After a few brief moments of putting the fear of God into their hearts, their wives come into the room and reveal the deception. Husbands and wives embrace and make up, Finch gently pets Bunny’s head, and all is right in the world.

Though the film only clocks in at about twelve minutes, it might seem difficult for modern audiences to sit through, especially ones expecting the polished humor of, say, Keaton or Chaplin. But that is because A Cure for Pokeritis wasn’t funny in the way that we expect silent comedies to be. The film contains no over-the-top slapstick, visual gags, or witty turns of phrase in the dialogue. Instead, audiences from the 1910s would have found humor simply in the situation. At the turn of the 20th century, fat comedians were seen as cute and cuddly. As a result, audiences would have found great amusement at watching a hapless John Bunny try and thwart his wife in the same way that we would laugh at a cat play with a particularly arrogant piece of string.

Films like A Cure for Pokeritis demonstrate the birthing pains of silent comedy. But it also serves as a prime example of early cinematic innovation. Take, for instance, the poker game raid scene. When the “police” arrive to “raid” the poker game, we see the inside of the parlor where the players are positioned in the foreground.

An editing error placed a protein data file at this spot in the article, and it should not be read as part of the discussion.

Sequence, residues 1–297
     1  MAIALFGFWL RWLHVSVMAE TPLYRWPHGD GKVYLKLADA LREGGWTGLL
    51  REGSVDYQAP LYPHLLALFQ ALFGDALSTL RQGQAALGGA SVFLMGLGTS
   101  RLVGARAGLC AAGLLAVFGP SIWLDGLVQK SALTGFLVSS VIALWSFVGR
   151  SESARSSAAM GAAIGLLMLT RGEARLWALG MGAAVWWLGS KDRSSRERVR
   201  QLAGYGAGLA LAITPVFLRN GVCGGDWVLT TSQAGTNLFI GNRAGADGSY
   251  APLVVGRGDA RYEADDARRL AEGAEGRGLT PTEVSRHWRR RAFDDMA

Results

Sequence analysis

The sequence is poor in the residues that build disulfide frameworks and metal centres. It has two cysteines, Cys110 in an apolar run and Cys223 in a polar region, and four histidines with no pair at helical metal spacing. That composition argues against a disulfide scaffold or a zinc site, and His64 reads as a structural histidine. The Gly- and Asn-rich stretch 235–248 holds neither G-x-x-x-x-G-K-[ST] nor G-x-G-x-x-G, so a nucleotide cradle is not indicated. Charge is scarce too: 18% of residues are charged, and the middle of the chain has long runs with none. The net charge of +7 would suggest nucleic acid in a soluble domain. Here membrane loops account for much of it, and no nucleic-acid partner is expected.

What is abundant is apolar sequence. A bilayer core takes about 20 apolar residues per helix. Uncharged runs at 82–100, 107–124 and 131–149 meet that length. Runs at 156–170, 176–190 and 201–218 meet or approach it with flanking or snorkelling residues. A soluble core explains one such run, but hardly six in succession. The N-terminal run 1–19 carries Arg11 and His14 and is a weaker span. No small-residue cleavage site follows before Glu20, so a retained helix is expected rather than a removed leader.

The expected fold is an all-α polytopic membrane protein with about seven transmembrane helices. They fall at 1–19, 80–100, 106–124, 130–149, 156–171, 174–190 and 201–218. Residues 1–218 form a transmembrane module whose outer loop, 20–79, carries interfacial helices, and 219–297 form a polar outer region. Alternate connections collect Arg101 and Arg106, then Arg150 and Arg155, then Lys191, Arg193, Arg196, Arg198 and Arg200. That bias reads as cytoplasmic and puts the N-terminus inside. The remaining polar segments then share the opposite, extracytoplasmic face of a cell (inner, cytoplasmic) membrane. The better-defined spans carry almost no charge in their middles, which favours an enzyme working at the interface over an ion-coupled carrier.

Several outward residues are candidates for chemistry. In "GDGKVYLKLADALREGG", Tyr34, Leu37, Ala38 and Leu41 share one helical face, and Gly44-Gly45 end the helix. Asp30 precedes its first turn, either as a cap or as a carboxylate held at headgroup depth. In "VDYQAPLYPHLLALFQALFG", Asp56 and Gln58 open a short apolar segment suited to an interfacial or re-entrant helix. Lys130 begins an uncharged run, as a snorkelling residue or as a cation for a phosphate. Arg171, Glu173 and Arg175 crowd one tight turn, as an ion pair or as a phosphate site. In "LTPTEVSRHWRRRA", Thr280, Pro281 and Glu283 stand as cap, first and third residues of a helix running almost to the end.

Establishing shot with the gamblers in the foreground and the servant in the background at the upper left.

Suddenly, their black servant enters from the left side of the background. Having spotted the police, he sneaks behind the players, alerts another patron, and exits to the right.

The servant escapes in the background while the players in the foreground remain oblivious.

A “policeman” sneaks up behind the oblivious gamblers using a coat-rack to hide himself.

The first policeman sneaks in while hiding behind a coat-rack.

He signals the rest of the “officers” into the room. Two other “policeman” sneak behind the unsuspecting victims before the rest of them come in and break up the game.

The "policemen" position themselves before they attack.

This might seem like a trivial, commonplace scene to modern viewers. But consider that in 1912, most films were still operating under the tyranny of theatrical staging, blocking, and acting. As a result, most of these early films operated within one depth of field with their characters occupying the foreground. This scene is an early example of a filmmaker simultaneously carrying out a scene in two different depths of field. Even more interesting is how it is used to create a comedic situation. So, this scene demonstrates an early, primordial comedic language that existed explicitly within the realm of cinema.